Victoria Jelinek


Collectivism

It has been stressful to be back in the classroom teaching, though I am honored to do so. What has been most fatiguing, however, has been observing people around me, and around the world, who pretend that Covid-19 does not pose a real threat. Who are “tired” of it and want it done (a petulant stamp of the foot accompanies this in my imagination). They justify their selfish actions with hollow reasoning. It reminds me of the feeble minded morals evident during World War II…how French Nazi sympathizers would “rat” on their neighbors to the Vichy government or to the Nazi’s themselves in order to make life somewhat “easier” for themselves in the short term. I now know who I would not want to be in a fox hole with during a war. Fortitude is needed. And it is not easy for anyone. My own small family live in other parts of the world, my 87-year-old mother is 14,000 kilometers away, so I may not see her again alive, which deeply saddens me.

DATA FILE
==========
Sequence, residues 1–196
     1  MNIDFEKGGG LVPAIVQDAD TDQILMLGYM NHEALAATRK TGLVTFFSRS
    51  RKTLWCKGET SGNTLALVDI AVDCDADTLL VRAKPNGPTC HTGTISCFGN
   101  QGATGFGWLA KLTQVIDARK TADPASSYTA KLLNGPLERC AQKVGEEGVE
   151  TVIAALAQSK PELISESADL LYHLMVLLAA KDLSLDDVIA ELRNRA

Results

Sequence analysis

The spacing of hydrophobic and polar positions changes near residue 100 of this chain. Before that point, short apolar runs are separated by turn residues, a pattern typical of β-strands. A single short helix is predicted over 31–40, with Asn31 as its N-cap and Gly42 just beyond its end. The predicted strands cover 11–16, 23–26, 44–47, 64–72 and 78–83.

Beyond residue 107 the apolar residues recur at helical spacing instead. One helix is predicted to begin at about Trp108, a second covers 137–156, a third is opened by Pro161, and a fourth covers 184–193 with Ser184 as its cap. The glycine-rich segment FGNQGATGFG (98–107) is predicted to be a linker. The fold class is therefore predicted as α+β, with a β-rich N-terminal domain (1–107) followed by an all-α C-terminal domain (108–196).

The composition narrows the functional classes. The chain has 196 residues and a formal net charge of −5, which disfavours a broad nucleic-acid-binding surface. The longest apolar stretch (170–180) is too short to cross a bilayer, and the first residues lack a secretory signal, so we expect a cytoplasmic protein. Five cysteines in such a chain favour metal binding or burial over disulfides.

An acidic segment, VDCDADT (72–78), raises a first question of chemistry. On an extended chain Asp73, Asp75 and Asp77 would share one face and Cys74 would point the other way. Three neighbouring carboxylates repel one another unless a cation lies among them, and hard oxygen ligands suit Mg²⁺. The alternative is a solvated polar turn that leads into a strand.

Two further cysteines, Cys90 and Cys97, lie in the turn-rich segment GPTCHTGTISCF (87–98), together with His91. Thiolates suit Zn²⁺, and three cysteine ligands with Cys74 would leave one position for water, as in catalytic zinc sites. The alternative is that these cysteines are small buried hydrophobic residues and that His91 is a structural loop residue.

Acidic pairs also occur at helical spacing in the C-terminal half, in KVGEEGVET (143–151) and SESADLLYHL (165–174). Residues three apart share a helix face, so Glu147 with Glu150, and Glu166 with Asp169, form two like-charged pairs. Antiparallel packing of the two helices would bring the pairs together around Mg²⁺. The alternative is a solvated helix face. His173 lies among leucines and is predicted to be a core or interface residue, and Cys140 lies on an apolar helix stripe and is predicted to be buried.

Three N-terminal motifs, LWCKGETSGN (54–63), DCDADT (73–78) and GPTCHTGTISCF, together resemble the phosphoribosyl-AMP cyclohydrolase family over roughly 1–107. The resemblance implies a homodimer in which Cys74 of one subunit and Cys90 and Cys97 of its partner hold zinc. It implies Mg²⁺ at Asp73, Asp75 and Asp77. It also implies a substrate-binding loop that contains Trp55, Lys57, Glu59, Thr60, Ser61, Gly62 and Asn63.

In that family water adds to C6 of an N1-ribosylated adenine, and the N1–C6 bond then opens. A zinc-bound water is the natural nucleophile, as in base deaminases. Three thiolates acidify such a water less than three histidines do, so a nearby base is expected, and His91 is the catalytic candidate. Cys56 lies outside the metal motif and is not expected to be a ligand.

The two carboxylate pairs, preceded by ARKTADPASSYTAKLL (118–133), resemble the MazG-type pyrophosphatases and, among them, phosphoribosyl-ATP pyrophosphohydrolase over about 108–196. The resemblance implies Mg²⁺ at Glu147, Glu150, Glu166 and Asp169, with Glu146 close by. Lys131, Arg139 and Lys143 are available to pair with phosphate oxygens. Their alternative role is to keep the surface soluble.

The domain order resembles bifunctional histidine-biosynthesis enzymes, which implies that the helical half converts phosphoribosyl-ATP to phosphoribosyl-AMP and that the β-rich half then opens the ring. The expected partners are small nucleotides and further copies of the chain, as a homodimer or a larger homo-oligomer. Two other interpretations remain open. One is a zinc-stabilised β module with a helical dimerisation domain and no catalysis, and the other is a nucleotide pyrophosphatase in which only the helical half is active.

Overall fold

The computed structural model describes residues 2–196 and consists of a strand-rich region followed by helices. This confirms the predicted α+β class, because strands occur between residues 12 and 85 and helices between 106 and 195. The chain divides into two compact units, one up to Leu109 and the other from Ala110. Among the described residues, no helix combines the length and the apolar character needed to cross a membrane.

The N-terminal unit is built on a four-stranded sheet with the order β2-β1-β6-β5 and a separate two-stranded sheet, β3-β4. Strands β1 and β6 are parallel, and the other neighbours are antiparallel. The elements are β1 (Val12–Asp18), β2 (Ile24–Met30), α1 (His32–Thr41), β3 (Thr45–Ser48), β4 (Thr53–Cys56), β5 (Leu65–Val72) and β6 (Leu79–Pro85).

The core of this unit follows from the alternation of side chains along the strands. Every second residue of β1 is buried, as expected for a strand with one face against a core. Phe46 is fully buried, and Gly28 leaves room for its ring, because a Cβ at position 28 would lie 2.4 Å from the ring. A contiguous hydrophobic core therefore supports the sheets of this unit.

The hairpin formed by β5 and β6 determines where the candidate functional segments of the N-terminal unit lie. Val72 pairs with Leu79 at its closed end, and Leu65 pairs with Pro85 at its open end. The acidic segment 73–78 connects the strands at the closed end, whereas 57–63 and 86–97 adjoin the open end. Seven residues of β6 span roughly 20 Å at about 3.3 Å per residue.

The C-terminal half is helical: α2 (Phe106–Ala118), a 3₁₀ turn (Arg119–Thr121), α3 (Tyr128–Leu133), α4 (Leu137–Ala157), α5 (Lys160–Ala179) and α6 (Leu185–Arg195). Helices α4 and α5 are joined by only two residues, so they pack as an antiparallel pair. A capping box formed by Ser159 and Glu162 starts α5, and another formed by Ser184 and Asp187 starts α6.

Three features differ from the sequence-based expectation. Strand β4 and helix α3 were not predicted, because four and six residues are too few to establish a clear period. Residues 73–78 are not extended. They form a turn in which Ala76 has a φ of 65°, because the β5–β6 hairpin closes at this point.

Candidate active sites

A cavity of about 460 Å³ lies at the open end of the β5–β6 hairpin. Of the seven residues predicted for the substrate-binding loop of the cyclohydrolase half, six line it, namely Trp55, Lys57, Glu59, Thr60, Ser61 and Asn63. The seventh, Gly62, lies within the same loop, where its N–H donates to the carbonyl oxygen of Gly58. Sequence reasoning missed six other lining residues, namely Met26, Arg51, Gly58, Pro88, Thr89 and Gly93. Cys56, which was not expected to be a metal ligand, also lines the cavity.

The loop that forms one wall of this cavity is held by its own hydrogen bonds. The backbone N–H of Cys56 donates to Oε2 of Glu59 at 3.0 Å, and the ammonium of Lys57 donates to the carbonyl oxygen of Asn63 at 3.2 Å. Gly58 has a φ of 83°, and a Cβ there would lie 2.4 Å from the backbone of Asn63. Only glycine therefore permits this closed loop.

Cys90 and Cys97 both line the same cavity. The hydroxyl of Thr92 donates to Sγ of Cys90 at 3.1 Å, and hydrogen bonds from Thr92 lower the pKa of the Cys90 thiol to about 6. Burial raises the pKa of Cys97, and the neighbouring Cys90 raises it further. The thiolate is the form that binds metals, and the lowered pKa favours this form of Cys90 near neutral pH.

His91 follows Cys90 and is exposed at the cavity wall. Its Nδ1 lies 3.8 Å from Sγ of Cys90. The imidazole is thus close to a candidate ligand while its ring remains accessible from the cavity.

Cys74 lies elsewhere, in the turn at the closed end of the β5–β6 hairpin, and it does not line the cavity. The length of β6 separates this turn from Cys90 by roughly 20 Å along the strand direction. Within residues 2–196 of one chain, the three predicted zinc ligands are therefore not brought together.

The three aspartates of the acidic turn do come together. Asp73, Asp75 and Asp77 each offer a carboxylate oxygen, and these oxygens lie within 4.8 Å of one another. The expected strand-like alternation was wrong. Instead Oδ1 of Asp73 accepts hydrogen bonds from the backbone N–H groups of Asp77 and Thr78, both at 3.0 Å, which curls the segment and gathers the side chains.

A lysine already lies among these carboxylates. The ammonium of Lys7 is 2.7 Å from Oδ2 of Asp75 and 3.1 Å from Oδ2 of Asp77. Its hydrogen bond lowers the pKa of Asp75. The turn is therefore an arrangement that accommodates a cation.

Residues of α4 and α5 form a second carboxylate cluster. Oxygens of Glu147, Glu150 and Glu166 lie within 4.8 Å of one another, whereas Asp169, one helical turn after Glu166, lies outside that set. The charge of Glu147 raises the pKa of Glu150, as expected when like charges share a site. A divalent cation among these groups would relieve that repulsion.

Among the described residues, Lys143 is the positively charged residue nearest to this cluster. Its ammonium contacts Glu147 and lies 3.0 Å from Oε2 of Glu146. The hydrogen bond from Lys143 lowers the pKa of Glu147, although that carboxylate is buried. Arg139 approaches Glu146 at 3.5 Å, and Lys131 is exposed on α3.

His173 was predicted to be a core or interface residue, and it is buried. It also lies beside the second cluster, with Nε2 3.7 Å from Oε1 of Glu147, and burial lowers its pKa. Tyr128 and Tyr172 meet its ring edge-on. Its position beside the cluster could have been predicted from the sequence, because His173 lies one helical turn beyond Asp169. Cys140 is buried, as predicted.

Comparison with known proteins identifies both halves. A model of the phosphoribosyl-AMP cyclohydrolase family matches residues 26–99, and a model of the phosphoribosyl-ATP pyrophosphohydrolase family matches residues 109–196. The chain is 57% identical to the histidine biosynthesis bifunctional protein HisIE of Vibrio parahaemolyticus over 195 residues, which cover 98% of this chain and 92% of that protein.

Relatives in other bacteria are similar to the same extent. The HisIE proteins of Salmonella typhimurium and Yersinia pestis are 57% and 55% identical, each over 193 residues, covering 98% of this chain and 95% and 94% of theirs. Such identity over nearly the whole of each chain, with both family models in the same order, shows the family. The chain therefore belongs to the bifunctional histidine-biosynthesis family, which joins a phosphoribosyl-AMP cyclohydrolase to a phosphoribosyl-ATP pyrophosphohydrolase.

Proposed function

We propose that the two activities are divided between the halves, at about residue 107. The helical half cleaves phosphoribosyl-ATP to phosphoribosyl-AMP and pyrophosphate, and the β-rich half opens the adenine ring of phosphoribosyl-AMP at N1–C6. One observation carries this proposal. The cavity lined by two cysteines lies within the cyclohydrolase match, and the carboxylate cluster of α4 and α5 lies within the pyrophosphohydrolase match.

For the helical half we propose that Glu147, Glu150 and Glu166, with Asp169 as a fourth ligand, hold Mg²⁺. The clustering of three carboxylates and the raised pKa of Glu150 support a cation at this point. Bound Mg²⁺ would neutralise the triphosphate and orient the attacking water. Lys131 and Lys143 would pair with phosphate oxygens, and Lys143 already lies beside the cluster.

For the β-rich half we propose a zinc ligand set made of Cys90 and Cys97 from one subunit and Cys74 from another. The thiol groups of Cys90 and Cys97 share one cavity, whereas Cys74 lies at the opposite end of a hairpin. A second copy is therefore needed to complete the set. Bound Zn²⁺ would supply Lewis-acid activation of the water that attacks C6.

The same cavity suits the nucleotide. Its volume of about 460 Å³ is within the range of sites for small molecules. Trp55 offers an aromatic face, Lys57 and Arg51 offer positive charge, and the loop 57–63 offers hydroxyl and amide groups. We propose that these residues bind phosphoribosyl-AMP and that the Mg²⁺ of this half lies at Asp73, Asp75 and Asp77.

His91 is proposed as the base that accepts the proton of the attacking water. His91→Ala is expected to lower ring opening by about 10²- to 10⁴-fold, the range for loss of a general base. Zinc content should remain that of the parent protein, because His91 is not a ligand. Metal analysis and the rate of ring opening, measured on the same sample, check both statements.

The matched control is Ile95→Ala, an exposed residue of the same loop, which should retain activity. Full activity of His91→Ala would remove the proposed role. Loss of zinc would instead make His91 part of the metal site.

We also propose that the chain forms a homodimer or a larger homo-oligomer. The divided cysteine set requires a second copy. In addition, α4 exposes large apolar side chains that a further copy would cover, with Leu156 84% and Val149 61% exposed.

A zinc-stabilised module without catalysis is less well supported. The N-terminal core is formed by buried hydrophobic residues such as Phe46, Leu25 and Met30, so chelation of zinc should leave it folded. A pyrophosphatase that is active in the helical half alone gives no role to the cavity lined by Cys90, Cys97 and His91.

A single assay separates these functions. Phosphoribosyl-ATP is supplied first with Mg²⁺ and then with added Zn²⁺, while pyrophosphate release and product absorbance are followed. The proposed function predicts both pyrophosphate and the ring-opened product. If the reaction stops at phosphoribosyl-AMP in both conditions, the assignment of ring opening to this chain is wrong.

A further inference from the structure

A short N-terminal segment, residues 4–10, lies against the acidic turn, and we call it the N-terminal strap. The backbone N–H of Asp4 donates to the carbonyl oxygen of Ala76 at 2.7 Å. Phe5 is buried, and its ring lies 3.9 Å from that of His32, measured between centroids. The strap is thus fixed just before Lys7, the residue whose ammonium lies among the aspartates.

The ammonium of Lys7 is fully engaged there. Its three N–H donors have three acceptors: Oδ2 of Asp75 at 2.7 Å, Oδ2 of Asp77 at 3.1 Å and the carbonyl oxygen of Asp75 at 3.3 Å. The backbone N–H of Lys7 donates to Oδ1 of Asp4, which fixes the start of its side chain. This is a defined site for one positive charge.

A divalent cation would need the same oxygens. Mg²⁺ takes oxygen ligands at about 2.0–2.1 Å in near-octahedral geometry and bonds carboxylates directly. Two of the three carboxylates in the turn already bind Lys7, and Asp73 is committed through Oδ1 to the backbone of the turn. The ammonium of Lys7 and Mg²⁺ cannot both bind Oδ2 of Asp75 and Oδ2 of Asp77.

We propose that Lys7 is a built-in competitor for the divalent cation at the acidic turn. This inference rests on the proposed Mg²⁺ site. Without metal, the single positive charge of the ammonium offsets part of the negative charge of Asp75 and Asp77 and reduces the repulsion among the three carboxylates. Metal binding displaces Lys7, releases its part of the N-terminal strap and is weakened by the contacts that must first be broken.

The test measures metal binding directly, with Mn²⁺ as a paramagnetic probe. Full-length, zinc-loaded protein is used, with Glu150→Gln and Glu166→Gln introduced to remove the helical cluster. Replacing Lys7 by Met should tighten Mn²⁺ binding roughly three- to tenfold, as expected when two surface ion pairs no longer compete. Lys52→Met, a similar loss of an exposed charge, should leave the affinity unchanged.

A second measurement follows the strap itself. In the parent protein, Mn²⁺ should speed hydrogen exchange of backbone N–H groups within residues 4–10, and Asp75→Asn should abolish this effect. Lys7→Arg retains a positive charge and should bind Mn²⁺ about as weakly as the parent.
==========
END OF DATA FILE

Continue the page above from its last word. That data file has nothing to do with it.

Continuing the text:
My husband tells me to “let it go,” but truly, I cannot. Though, perhaps, it is that I will not? Deeply embedded in me is the (apparently erroneous) belief that humans CAN be better that we often are. Intellectually, I understand mankind is generally self-serving and aggressive and always has been. But idealistically I expect more of myself and of others. Consequently, the failure of much of the population to practice some self-restraint for the betterment of all during a global pandemic has left me feeling distressed. Practically isolated AND ideologically isolated.

E.M. Forster in 1938

Then a friend sent this attachment to me and, despite my skepticism about any religion, I thought, “Hurray! I am not alone” in my disappointment and fatigue with humanity’s actions in the face of Covid-19. There are, indeed, others who feel and behave as I do. And, as E.M. Forster wrote in his great essay “What I Believe,” it will be these “bright lights in the darkness” that will help us all find our way out of this nightmare.


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